Late Middle Kingdom personal naming and administrative titles demonstrate extreme precision not matched in other periods, including early Middle Kingdom, Second Intermediate Period, and start of Dynasty 18. Does this reflect changes in administration, or in the source record?
For late Middle Kingdom administration, the source record is dominated by three groups of material:
The first two evaporate after mid- Dynasty 13, and the third undergoes fundamental change, as explored in this paper.
Scarabs offer an object category in continuous and substantial production through these periods: name and title scarabs are attested in bulk from late Middle Kingdom and Second Intermediate Period. The large corpus of late Middle Kingdom names and titles securely attested on hieroglyphic stelae and hieratic documents provides guidance in distinguishing groups of signs recording names and titles, from groups of signs in non-linguistic arrangement.
Spectrum from phonetic to visual content intended for hieroglyphs on scarabs
Hieroglyphs have a visual as well as a phonetic force, and are often found on scarabs in symmetrical arrangements which cannot be read as a linguistic sequence. In the spectrum from linguistic to non-linguistic arrangements, three zones may be identified:
(1) Groups of hieroglyphs that can be read as a phrase
(2) Groups of hieroglyphs that can be read as a name (and title), of a king or other person
(3) Groups of hieroglyphs selected as signs of amuletic power, not intended as a linguistic sequence
Between Zones 1 and 2 there are phrases that might be names, particularly kings' throne names, as these were themselves phrases expressing some aspect of the cult of Ra. It is not always possible to be sure that a particular instance of a phrase on a scarab was intended as a throne name, even when the name is attested securely from other sources.
Between Zones 2 and 3, there are numerous examples of name and title scarabs with additional hieroglyphs selected for their symbolic force: the Martin 1971 corpus identified in particular the signs ka, nefer, wah, shen and bener. It is not always possible to be sure that a sign is part of a name or an amuletic supplement.
Zone 1: scarabs with hieroglyphs that can be read as a phrase
(not attested before late Second Intermediate Period?)
Between Zones 1 and 2: scarabs with phrase, not necessarily a name
UC 11608 swAD.n-ra - is this the throne-name of Nebiryerau? Or a broader phrase invoking Ra (he whom Ra has caused to flourish)?
In material and style the swAD.n-ra
scarabs are exceptional within the Second Intermediate Period corpus; however,
compare two scarabs from a late Second Intermediate Period/early New Kingdom
burial at Gurob (tomb 82).
In material and style the swAD.n-ra scarabs are exceptional within the Second Intermediate Period corpus; however, compare two scarabs from a late Second Intermediate Period/early New Kingdom burial at Gurob (tomb 82).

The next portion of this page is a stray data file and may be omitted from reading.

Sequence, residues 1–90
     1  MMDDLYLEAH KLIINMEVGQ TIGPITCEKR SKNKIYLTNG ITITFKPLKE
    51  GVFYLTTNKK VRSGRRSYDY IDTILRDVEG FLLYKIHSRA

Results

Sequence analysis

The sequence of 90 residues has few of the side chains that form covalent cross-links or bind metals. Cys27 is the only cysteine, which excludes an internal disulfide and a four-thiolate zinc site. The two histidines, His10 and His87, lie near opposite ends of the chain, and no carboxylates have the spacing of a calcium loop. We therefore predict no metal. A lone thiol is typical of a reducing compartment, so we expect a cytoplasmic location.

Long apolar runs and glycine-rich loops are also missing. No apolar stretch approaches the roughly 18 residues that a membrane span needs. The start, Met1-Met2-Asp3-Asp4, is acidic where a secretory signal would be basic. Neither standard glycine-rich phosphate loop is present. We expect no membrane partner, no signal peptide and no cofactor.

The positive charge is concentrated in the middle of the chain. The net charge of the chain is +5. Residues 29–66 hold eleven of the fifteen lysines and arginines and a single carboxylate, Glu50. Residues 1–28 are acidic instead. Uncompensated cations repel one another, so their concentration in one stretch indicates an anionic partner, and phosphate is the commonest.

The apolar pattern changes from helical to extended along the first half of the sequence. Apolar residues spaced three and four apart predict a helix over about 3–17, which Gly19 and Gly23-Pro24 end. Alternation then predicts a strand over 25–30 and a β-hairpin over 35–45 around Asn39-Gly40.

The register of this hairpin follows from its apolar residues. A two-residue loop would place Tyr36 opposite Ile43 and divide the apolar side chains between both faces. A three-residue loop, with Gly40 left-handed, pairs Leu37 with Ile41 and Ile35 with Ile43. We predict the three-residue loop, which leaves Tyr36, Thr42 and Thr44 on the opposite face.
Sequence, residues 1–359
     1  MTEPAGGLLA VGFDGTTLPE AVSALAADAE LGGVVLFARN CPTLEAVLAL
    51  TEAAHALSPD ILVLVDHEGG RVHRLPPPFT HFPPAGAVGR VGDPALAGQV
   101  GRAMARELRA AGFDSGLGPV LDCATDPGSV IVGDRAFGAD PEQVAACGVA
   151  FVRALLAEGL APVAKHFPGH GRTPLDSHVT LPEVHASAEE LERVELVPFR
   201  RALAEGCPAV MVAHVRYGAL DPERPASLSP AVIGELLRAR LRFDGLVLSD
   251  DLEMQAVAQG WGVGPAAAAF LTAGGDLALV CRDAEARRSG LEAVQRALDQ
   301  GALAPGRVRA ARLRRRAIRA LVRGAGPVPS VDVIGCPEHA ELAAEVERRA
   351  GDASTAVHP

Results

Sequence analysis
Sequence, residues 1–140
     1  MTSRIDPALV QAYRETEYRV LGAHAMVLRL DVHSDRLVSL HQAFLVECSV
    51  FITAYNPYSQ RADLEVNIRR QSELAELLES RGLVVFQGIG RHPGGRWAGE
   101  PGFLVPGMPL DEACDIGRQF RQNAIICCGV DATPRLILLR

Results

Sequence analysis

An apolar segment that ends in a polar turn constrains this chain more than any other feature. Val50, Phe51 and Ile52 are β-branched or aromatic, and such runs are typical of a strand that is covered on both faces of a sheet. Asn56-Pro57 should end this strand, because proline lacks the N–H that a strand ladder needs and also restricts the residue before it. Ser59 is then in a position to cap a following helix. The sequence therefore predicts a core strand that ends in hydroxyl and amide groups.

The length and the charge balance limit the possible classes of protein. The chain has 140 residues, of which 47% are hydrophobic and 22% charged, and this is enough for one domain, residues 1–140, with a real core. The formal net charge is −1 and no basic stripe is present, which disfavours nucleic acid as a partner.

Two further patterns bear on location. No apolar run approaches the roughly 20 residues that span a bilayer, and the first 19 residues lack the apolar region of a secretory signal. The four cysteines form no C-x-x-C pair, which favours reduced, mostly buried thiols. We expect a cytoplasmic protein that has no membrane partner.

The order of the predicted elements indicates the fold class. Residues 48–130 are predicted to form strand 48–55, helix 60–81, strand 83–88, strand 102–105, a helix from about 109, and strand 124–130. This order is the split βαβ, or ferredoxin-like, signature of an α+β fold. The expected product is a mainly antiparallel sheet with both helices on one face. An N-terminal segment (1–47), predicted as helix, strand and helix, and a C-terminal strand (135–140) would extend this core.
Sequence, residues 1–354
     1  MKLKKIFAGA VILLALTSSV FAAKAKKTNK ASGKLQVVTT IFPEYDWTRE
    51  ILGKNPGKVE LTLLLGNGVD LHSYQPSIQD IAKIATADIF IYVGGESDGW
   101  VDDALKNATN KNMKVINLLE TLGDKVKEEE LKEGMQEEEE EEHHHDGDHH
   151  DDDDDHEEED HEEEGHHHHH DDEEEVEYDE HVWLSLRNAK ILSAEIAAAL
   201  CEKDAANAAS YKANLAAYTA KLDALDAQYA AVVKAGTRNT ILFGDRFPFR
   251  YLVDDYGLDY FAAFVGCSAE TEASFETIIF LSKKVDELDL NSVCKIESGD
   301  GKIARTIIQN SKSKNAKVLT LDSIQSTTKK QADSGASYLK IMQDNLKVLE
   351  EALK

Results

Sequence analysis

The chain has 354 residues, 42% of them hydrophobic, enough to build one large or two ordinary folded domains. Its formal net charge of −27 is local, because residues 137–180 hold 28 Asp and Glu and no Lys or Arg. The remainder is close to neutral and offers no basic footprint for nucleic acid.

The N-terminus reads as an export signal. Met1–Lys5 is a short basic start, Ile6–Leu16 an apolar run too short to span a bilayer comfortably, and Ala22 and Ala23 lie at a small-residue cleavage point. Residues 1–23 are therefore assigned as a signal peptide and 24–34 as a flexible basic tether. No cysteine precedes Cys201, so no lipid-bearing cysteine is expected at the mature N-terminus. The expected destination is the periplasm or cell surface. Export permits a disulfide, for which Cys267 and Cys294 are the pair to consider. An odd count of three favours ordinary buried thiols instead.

Zone 2: scarabs with name and title, without additional hieroglyphs:
UC 11337 scribe of the main enclosure Sasobek back-type 6
UC 11480 director of the palace Ahau (or Wiau?) back-type 6
Between Zones 2 and 3: scarabs with name and title, with additional hieroglyphs for amuletic effect (e.g. UC 11203)
Zone 3: scarabs with signs of amuletic power, not intended as a linguistic sequence
UC 28846 Koptos
UC 11185 Green jasper scarab crudely incised with scratchmarks legible from the secure name and title corpus as imy-r w Sobeknakht
UC 11459 steatite scarab with neatly cut hieroglyphs starting sbk ending nb imAx but not easily readable as a name and title (Martin 1971: no.815 suggests rn-Htp as name, xt n pr-sbk as title, but neither is attested elsewhere)
UC 11482 Martin 1971, no.654 but perhaps re-read gnwty kms with amuletic nfr and ankh? - note that the material is limestone, highly unusual in scarab production. Perhaps this is then a work by the sculptor (gnwty) outside regular scarab production.
UC 11512 Martin 1971: no.1167, back-type 10: title imy-r gs (or 3hwt?) name hdwi-k3? Seems unlikely - the most disconcerting feature of the inscription, as compared with the rest of the Martin corpus, is the blank space at upper right centre - is this item an ancient scarab?
Note Martin 1971: no.814, a scarab formerly in the Matouk (ex-Blanchard) collection, tentatively read as a name rn-m-wnm, but with the note 'perhaps not a private-name seal' - back-type 10, ladder-side base design
Seals and amulets: two categories
In papyrus Lahun UC 32179 verso, columns 2-3 of a list of commodities, there is the entry xtm n st 'seal of a woman' (below right), and the entries xtm and Hmyt 'seal' and 'cut stone' (below left).
The first might be taken to refer to a scarab-seal bearing the name of a woman. However the Egyptian phrase is not 'seal of name', but 'seal of woman' - it could be gendered in another way (material, motif, or simply ownership).
Clearly in ancient Egypt, all seals are also amulets: however, the Lahun papyrus demonstrates the existence of the two categories distinctly side by side
One possible form designed for sealing, over and above any amuletic use:
Shield shaped seals, usually administrative, some with personal name and title
Example UC 11340 officer of the town regiment Sobeknakht
On the root khetem
Possible connection between Semitic speakers and root xtm (vocalised 'khetem') 'seal' already in mid-D13:
UC 11379 Keeper of the sealed room Aperbaal (note Aper- name, found elsewhere with Asiatic deities, and the appearance of the Asiatic deity/word Baal)
Note the prominence of treasurers in the Second Intermediate Period record - however, it should be noted that the reading of the seal-sign as xtm in the title imy-r xtmt 'treasurer' remains uncertain
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